In what Facebook is calling its single largest fundraiser ever, a couple from Silicon Valley raised more than $20 million to help reunite migrant families separated at the border.
The issue has created a national firestorm about the Trump administration’s immigration policies, with many calling the separation of children from their parents at the southern U.S. border barbaric.
Nearly 2,000 children have been separated from their families over a six-week period.
When Charlotte and Dave Willner created the "Reunite an immigrant parent with their child" fundraiser on Facebook Saturday, the goal was to raise $1,500 for the Refugee and Immigrant Center for Education and Legal Services (Raices), which is the largest immigration legal service provider in Texas. The fundraiser has gone viral since then, and at one point it was raising $4,000 a minute.
So far, more than 523,000 people have donated.
“We are collectively revulsed at what's happening to immigrant families on our southern border. In times when we often think that the news can't possibly get worse, it does − we learned last night that 2,000 children (many of them infants and toddlers) have been separated from their parents in just six weeks under President Trump's 'zero tolerance' policy,” Charlotte Wilner wrote in a Facebook post.
“These children don't know where their parents are. Their parents aren't allowed to communicate with them while in custody. The government hasn't set up a system to reunite separated parents and children if one or both are ultimately released. In many cases, parents have been deported without their children — sometimes, young children are deported without their parents.”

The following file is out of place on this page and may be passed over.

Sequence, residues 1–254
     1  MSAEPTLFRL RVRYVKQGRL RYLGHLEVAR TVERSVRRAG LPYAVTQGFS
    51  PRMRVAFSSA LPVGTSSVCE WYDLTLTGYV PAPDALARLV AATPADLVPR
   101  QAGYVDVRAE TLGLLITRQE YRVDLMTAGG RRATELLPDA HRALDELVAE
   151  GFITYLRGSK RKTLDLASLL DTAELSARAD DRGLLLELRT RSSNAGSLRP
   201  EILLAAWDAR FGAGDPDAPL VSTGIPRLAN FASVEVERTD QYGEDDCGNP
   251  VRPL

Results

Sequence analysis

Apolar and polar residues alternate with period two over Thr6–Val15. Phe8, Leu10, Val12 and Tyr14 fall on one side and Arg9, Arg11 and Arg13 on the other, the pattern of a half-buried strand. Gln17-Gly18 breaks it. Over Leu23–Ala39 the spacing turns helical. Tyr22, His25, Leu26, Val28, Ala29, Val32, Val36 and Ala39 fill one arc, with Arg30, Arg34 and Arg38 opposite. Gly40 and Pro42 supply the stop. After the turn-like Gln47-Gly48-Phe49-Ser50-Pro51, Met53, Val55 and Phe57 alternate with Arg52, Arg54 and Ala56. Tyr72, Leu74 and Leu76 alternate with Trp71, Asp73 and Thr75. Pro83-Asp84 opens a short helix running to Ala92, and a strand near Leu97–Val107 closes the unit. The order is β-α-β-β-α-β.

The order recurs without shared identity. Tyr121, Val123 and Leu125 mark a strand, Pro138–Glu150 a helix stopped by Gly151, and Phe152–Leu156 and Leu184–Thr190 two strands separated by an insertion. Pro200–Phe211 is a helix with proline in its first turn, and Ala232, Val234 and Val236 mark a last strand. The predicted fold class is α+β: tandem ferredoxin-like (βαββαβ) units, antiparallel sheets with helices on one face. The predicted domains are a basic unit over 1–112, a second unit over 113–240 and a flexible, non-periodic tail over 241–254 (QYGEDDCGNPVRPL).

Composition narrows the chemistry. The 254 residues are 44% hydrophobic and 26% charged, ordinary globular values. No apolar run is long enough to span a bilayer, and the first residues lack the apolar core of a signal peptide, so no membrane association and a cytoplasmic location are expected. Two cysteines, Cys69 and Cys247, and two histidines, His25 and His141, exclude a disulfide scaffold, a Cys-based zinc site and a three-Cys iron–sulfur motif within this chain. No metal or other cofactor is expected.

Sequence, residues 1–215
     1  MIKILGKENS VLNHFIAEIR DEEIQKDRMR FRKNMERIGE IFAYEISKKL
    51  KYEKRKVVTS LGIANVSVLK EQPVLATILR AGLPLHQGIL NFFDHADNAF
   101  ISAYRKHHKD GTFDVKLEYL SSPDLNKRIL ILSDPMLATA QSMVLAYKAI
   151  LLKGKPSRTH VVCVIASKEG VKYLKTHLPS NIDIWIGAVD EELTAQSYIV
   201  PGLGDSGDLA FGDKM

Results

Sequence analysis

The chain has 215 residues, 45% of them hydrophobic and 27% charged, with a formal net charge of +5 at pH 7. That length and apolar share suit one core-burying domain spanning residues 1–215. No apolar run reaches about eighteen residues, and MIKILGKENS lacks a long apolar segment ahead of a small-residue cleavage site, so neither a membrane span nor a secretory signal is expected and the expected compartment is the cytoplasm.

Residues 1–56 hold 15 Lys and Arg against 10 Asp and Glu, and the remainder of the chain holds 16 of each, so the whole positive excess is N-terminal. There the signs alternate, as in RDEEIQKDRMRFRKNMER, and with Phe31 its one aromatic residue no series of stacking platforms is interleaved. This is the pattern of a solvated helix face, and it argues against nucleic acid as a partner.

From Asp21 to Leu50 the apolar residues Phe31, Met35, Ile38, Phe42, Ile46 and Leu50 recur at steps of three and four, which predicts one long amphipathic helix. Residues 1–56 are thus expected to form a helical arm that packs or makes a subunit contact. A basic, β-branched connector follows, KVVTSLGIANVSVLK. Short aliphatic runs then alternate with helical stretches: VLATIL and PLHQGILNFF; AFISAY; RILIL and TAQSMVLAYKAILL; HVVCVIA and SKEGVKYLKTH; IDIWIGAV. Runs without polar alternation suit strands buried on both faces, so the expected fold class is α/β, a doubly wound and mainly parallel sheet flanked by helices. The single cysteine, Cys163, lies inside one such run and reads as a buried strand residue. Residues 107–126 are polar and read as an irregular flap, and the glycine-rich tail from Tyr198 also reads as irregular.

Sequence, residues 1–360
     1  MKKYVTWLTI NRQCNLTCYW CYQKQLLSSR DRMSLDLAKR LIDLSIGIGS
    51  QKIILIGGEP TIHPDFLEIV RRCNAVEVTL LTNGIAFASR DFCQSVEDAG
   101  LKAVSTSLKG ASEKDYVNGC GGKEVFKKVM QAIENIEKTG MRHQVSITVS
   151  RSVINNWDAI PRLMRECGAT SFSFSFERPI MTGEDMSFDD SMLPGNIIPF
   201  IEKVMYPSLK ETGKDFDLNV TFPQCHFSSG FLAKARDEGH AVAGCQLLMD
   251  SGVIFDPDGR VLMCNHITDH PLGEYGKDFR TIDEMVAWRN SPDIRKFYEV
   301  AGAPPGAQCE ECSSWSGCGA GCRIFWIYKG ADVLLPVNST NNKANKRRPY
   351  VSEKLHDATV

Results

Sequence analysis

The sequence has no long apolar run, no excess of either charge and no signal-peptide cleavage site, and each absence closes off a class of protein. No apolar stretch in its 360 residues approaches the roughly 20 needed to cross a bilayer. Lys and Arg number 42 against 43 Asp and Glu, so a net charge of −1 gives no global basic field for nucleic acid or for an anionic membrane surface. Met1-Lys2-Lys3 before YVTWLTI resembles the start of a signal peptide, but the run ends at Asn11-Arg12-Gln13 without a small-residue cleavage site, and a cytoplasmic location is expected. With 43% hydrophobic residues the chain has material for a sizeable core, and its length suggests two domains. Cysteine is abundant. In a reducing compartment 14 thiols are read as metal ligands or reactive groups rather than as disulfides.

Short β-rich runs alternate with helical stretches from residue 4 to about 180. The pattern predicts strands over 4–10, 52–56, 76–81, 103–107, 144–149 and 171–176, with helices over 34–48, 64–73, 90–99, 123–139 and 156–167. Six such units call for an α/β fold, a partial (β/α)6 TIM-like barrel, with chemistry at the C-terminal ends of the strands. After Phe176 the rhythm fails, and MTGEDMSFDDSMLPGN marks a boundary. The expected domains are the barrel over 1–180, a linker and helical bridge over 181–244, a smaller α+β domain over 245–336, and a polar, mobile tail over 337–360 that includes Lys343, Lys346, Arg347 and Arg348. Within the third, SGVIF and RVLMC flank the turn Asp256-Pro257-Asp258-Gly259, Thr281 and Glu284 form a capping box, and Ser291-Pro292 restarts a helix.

The inspiration behind the Facebook post? A picture of a Honduran toddler crying next to her mother near the Rio Grande as she was searched and detained by immigration officials. That picture, taken by Pulitzer Prize-winning photographer John Moore, has also gone viral.
“It was the closest thing we could do to hugging that kid,” Dave Willner told The San Jose Mercury News.
The girl's father later revealed to The Washington Post that she was not separated from her family while under U.S. Customs and Border Protection custody and was instead being held with her mother at a detention center in Texas.
Charlotte Wilner goes on to explain in their Facebook post why she thinks it’s important to raise money for the immigrant families and how the donations will help.
“Until the election, I think there's little chance of a political solution to this grave American moral failing. But there is still something we can do. Today we are raising money for RAICES, the largest immigration legal services provider in Texas. For years, RAICES has been working with some of the most vulnerable members of our society to ensure they receive advocacy and fair legal representation. They have two key goals at this time:
- directly fund the bond necessary to get parents out of detention and reunited with their children while awaiting court proceedings
- ensure legal representation for EVERY child in Texas' immigration courts (last year, 76% of kids (over 13,000!) did not have representation)
Bonds are set at a MINIMUM of $1500, and are usually in the range of $5-10K, even for asylum seekers without any criminal history. We are starting our goal at $1500 and will see how far we get.”
Facebook CEO Mark Zuckerberg and COO Sheryl Sandberg have both contributed to the fundraiser and urged others to do so as well.
"We need to stop this policy right now," Zuckerberg wrote in his Facebook post.
Hundreds of comments have poured in from people all over the world supporting the campaign.
"We've been occasionally crying around the office all day when we check the fundraising totals. This is such a profound rejection of the cruel policies of this administration," Raices said in a statement. "And there are many people who are deciding not to look away but to do something. Thank you. Thank you. Thank you."
— NBC Bay Area (@nbcbayarea) June 19, 2018